This essay Taiwan has a total of 680 words and 3 pages.
China has goals in relation to Taiwan. They ultimately want Taiwan and mainland China to become “One China”. To do this they must not only use military force. They need to utilise other forms of power.
Taiwan was effectively under Manchu rule from the 17th century, until 1885, from which it was a province of the Qing Dynasty rule. In 1845 the Japanese took control of Taiwan, and this began with the Treaty of Simonoseki. In 1943 the Cairo Conference returned Taiwan to the Chinese. The Taiwanese people were initially happy with this change in ruler, but soon were disheartened. The Chinese proved to be as harsh as the Japanese.
China wants Taiwan as part of their “one China” policy. China want Taiwan to become part of the nation of China for Nationalism reasons, that is, they want to reunify China, economic reasons (Taiwan is a very successful province), and strategic/political reasons. Taiwan wants democratic independence from the years of rule by Japan, China, etc. They do not want to be part of China. The U.S.A. want to support China and keep relations with them peaceful, (strategic/political), however, they are totally against any kind of military action by China against Taiwan.
The ways that China has gone about achieving their goals are military tactics and diplomatic tactics; they launched missiles off the coast of Taiwan in 1996 as a waning to Taiwan. The Chinese president also releases propaganda statements regarding Taiwan, basically warning their president or any presidential candidates against speaking about republican votes and stirring the waters with the Taiwanese people. The Chinese also use political tactics to achieve their goals, they try to isolate Taiwan from the rest of the world, not allowing them in the United Nations, and not allowing other nations, such as the U.S.A. have political talks with Taiwan. Taiwan uses propaganda also, in that their presidential candidates before an election talk about independence from China. They also use economic tactics; they supply aid to smaller nations. The U.S.A. uses diplomatic tactics to achieve their goals, such as the talk held by U.S. president Bush and Chinese president Wen Jiabao in 2001, and they use treaties and alliances with both Taiwan and China to achieve their goals.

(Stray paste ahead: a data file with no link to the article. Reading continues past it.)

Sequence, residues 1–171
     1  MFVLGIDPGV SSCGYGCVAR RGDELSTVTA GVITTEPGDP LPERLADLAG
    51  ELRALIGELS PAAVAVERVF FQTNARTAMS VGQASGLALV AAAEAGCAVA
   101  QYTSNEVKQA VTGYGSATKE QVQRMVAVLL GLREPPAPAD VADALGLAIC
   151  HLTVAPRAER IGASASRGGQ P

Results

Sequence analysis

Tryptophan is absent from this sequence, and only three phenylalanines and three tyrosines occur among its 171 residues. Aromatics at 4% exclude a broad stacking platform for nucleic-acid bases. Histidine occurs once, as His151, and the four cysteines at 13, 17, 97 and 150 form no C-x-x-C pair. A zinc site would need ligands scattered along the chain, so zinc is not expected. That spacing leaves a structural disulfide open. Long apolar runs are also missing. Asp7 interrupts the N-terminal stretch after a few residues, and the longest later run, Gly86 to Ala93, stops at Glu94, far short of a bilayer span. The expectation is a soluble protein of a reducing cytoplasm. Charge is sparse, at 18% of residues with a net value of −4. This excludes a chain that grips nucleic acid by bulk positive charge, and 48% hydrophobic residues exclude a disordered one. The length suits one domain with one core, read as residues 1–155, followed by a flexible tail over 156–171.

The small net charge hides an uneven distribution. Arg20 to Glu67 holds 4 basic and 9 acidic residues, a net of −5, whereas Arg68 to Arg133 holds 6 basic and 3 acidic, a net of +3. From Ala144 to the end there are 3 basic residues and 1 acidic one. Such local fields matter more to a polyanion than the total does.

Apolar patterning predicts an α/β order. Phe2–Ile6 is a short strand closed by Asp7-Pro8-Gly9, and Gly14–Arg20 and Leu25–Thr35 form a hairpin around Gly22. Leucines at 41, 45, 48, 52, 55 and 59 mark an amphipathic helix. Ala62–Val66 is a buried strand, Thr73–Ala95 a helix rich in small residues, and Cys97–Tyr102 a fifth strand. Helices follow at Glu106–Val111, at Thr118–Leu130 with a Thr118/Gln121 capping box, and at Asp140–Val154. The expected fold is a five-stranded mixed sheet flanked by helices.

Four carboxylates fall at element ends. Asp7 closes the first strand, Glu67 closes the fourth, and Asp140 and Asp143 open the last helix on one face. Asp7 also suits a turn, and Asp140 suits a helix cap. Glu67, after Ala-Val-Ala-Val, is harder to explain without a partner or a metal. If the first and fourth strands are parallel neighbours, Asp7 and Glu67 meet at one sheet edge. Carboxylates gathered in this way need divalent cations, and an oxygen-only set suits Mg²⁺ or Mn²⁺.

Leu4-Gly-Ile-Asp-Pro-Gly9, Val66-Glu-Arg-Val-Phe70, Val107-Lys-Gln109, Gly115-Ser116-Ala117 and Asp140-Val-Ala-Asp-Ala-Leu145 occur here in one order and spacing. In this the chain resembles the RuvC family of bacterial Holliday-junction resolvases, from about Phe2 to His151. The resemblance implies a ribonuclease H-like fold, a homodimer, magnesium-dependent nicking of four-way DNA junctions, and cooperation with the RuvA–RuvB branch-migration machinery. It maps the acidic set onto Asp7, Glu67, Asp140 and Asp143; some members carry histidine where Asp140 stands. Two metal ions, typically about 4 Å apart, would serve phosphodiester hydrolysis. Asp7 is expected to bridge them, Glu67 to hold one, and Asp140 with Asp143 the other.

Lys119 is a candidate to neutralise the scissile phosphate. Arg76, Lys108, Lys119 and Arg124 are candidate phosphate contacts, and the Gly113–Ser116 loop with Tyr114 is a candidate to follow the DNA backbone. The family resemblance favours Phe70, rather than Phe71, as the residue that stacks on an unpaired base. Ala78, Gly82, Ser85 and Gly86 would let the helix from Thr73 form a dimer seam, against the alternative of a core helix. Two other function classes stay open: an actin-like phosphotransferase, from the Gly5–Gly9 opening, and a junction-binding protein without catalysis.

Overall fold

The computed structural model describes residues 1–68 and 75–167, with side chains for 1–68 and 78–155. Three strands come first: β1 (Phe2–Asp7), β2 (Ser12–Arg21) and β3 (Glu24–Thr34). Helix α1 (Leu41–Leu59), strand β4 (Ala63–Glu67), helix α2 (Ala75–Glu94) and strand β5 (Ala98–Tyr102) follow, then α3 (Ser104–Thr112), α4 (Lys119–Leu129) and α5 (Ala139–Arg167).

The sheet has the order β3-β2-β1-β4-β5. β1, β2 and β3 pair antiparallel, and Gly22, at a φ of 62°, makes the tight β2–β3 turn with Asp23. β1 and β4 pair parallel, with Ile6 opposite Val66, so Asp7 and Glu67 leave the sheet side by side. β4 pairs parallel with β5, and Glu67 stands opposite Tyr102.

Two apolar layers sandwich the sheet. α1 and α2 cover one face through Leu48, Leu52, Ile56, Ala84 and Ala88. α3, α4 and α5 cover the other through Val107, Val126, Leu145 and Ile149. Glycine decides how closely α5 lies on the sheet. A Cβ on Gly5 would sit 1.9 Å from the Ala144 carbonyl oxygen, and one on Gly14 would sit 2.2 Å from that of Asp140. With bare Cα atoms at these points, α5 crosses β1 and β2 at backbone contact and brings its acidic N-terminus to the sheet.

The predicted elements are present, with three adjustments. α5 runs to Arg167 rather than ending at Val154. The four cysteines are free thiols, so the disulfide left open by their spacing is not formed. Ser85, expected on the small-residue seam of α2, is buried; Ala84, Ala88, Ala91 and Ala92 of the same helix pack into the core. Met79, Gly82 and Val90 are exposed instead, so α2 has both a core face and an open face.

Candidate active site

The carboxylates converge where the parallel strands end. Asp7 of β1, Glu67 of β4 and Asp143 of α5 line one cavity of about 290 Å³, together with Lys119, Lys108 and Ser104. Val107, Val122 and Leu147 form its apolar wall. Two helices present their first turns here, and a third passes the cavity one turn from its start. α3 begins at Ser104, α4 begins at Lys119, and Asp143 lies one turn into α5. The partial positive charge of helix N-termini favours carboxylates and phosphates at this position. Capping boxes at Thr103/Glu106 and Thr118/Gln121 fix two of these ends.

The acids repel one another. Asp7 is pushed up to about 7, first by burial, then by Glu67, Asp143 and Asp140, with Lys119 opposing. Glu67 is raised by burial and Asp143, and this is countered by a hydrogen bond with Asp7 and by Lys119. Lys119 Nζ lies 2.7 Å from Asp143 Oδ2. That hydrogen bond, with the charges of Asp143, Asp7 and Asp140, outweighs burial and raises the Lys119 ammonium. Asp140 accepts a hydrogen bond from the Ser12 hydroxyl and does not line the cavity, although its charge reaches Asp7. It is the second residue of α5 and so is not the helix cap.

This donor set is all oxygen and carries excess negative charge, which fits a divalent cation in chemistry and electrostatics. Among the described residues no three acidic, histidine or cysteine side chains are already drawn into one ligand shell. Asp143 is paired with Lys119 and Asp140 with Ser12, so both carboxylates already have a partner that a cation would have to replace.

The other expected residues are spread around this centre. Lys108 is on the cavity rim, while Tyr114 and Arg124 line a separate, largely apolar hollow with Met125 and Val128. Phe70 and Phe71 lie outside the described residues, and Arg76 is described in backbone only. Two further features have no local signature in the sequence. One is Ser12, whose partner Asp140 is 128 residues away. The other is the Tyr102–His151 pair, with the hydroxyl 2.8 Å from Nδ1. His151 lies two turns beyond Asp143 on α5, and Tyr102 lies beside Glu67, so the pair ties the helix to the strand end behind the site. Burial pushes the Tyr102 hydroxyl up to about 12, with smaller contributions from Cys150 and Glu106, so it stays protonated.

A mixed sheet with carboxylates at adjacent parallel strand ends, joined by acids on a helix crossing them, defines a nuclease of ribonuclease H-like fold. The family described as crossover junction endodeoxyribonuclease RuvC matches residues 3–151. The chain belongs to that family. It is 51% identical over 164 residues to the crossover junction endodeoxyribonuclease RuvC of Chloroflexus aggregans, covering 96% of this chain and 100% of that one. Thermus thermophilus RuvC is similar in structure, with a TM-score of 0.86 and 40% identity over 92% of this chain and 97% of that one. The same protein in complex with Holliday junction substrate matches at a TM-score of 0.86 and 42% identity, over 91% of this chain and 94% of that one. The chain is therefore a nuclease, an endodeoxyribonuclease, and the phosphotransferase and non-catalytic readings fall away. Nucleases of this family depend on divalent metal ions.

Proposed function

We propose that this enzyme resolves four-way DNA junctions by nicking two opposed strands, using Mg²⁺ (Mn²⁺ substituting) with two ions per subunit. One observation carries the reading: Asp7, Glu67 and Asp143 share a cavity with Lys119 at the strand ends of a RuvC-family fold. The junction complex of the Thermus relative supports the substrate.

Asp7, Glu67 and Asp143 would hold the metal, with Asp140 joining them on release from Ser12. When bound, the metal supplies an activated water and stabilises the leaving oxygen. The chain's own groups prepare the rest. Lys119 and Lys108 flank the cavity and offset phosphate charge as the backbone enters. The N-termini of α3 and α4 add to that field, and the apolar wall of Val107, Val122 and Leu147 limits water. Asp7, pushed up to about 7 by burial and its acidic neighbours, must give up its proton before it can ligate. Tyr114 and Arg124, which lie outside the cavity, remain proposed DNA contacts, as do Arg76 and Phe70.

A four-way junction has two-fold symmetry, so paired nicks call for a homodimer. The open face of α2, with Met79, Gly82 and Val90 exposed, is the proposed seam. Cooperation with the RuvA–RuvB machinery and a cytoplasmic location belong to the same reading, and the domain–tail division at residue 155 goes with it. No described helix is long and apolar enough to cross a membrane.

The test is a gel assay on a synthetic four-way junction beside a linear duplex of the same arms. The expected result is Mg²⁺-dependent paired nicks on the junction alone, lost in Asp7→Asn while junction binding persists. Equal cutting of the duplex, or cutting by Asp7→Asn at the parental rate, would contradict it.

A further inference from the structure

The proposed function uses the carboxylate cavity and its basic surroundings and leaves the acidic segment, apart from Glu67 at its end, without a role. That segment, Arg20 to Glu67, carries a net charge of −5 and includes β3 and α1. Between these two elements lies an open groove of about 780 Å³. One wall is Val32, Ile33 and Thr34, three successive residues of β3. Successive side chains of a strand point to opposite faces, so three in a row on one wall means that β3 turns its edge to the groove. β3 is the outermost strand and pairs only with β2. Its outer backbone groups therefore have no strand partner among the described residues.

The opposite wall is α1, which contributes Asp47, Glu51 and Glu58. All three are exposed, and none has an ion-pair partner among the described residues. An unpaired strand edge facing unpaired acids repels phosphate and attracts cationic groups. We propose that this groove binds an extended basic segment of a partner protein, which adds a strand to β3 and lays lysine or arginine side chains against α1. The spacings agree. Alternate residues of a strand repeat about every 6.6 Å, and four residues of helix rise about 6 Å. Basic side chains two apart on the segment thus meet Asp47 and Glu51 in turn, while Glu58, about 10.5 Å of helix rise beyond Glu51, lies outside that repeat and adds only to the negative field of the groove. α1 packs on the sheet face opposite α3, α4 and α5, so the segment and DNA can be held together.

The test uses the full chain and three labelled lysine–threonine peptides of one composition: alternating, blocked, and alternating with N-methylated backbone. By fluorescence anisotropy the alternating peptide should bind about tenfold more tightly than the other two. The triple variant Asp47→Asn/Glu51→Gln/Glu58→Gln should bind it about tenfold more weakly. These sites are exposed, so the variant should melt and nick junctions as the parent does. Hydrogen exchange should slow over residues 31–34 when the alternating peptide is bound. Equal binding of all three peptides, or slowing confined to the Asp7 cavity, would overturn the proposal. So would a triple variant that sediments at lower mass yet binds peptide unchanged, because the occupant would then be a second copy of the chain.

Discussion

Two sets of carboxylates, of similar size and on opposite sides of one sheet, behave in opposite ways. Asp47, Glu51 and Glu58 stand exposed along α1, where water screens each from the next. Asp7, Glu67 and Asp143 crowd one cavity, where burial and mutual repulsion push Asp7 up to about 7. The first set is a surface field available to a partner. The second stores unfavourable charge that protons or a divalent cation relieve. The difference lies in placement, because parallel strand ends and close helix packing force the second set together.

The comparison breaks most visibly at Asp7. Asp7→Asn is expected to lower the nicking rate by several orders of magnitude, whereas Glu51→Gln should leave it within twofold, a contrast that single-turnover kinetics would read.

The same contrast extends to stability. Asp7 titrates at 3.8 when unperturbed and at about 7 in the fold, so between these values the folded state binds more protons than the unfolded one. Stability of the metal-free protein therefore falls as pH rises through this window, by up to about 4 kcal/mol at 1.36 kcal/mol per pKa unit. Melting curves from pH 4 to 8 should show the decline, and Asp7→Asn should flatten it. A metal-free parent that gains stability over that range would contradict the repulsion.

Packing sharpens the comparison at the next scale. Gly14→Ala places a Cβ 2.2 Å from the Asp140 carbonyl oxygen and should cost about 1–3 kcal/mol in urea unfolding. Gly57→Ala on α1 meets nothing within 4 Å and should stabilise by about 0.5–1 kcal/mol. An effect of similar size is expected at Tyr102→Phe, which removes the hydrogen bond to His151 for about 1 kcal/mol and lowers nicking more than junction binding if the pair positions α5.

To achieve their goals in relation to Taiwan, China needs to explore other means than just military force. The use of military force is not looked upon positively by the U.S, and just military force will not achieve anything but deaths of both Taiwanese and Chinese people. Other forms of power that China needs to explore are coercion and persuasion. Types of persuasion and coercion are diplomacy, which involves visits, talks, and cultural exchanges on the positive side, and vetos, threats and sanctions on the negative side. China are already holding talks with the U.S. but they may need to look at holding talks with Taiwan, rather than just using threats and vetos, which they are currently. Another instrument of foreign policy is propaganda, which China again are already doing, but once more they need to look at more of a positive side, as this puts Taiwan on guard and makes them very defensive. Economic strategies are another form of foreign policy, such as aid and trade agreements on the positive side, and sanctions and trade barriers on the negative side. Yet again China is already doing the negative things and are imposing sanctions on Taiwan. The last instrument of foreign policy is military, which China are already looking at doing, at least the negative military tactics, such as war threats. It is obvious that China is looking at the negative ways to achieve their goals of making China part of one nation of China. This means that the U.S.A. will be unhappy with the way China is doing things, and Taiwan will constantly feel threatened by China. If China continues down this path of military threats and force, there will be many issues caused in this trilateral relationship between China, U.S.A. and Taiwan.
Topics Related to Taiwan
Cross-Strait relations, Politics of Taiwan, Republics, Sovereignty, Politics of China, One-China policy, Taiwan, China, Taiwan independence movement, Political status of Taiwan